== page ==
Ten years since the signature of the Treaty of Athens

Ten years ago, on April 16, 2003, the Treaty of Accession to the European Union of 10 European countries – the Czech Republic, Estonia, Cyprus, Latvia, Lithuania, Hungary, Malta, Poland, Slovenia and Slovakia – was signed in Athens. This historical event took place during the Greek Presidency of the Council of the European Union and is enshrined forever as one of the most important documents of the reunited Europe.

Later, on May 1, 2004, all our countries became fully fledged members of the reunified European family comprising 25 member states at that time. It was the largest single expansion since the Paris Treaty of 1951, the forerunner of the EU, in terms of population, number of states and territory.

Moreover, it was the symbolic completion of the vital strategic goal of all the acceding member states to finally put an end to the post-World War II period by returning to the common space of freedom and stability, democracy and prosperity. The signature of the Treaty of Athens opened a new era for the acceding countries, for their citizens and ultimately for the whole of Europe.

Ten years after the signature, as members of the European Union, we all can state that it was the right decision. This was the overwhelming choice by the people. It was not only based on the perspective of future benefits of the common economic area, or the single market offering free movement of capital, goods and people; it was also founded on the understanding of inevitable internal structural reforms that had been carried out along the integration path toward the European Union.

The 2004 EU enlargement would not have been feasible without the strong and sincere support of all EU member states. The prospects of EU membership acted as a catalyst and the main driving force for positive changes in the social climate, economic growth, better living standards, higher incomes, more jobs and more development. However, among the most important aspects of this change was the hope to share and enjoy those European values that our societies had missed for so long. Our citizens, the real players in establishing the foundation for societies, made it possible for all 10 new EU member states to have a successful journey. Today, they continue to serve as an example and motivation for those candidates who wish to join the EU in the future.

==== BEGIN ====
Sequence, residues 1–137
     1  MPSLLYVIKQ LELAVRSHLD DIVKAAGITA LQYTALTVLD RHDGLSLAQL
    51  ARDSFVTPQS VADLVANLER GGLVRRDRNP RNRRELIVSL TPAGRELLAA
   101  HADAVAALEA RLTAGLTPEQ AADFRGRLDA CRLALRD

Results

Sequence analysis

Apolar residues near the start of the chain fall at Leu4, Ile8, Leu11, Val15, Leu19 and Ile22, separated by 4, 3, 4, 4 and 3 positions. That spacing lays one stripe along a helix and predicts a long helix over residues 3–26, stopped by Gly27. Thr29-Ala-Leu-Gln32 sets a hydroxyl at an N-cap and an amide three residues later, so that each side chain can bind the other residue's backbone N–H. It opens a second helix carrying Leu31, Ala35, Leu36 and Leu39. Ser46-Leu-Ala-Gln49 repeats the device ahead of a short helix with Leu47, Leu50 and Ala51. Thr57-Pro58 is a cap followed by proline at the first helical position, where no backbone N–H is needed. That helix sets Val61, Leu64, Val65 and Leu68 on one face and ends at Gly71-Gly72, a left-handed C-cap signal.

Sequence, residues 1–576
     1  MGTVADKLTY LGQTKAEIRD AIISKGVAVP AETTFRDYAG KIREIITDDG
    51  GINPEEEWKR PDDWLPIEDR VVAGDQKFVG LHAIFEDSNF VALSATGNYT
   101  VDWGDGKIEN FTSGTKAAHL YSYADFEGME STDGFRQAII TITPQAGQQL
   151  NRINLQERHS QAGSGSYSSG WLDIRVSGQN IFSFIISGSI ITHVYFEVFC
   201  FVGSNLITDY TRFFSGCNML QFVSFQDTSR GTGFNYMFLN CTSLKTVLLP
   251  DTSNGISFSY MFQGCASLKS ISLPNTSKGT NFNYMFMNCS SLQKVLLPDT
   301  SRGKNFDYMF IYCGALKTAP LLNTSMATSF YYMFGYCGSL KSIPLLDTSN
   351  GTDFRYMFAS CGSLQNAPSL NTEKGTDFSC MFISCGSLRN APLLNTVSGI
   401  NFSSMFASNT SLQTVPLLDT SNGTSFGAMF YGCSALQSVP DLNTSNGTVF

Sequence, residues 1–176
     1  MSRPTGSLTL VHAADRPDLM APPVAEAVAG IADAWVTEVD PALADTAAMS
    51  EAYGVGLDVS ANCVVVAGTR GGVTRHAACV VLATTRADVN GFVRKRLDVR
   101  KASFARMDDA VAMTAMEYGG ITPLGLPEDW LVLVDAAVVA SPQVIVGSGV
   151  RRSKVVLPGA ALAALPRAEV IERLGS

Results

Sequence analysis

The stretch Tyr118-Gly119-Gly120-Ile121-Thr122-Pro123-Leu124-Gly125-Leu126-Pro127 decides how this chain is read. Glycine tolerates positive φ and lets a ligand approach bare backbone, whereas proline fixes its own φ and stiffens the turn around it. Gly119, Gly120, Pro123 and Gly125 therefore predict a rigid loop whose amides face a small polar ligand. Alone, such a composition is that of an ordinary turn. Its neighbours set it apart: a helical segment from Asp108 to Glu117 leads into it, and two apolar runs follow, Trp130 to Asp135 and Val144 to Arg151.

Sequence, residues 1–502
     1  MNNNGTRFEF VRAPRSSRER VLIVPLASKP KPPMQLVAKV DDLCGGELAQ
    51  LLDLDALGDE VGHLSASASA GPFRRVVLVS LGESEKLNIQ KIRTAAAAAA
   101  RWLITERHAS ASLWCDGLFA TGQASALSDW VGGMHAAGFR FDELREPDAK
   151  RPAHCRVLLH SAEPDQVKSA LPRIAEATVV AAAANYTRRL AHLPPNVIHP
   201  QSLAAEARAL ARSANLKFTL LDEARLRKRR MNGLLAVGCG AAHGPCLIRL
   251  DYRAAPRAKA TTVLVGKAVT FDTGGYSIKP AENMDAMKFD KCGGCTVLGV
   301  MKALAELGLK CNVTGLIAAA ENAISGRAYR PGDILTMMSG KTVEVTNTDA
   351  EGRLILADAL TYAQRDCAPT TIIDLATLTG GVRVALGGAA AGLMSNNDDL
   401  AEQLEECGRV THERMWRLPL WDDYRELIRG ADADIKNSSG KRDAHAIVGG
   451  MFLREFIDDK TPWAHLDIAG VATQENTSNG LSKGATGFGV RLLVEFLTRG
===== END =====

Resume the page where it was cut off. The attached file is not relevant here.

As an inseparable part of the EU, we contribute to strengthening the European project, to keeping its values alive and to spreading them in our neighborhood in the East and the South. Moreover, all 10 members actively participate in the shaping of European policies, and seek to make the EU more competitive and technologically and innovatively more advanced. They contribute to making the Union better prepared for future challenges in the current globalized world as an active player in dynamic international affairs. Above all, the main task to be addressed is to ensure that the EU continues to be a reliable and safe place to live in. If necessary, all member states have to offer solidarity based on the genuine efforts of all of us to show the necessary responsibility for the benefit of the whole EU.

Looking back at those events 10 years ago, one is struck how appropriately the Greek EU Presidency chose the venue for the solemn act of signature by heads of states, prime ministers and foreign ministers from all the member states. It took place in the Stoa of Attalos at the Ancient Agora of Athens, in the cradle of democracy that the Athenian philosophers developed in ancient Greece. Democracy still prevails as the best form of government, offering guarantees for free and open societies and nations.

As such, the Treaty of Accession to the European Union in Athens of these 10 European countries remains a symbol of the heritage of democracy being extended from the very place where it was born.

Hana Sevcikova, Ambassador of the Czech Republic

Andres Talvik, Ambassador of Estonia

Joseph Joseph, Ambassador of Cyprus

Ivars Pundurs, Ambassador of Latvia

Alfonsas Eidintas, Ambassador of Lithuania

Eszter Sandorfi, Ambassador of Hungary

Walter Balzan, Ambassador of Malta

Maciej Krych, Ambassador of Poland

Robert Basej, Ambassador of Slovenia

Peter Michalko, Ambassador of Slovakia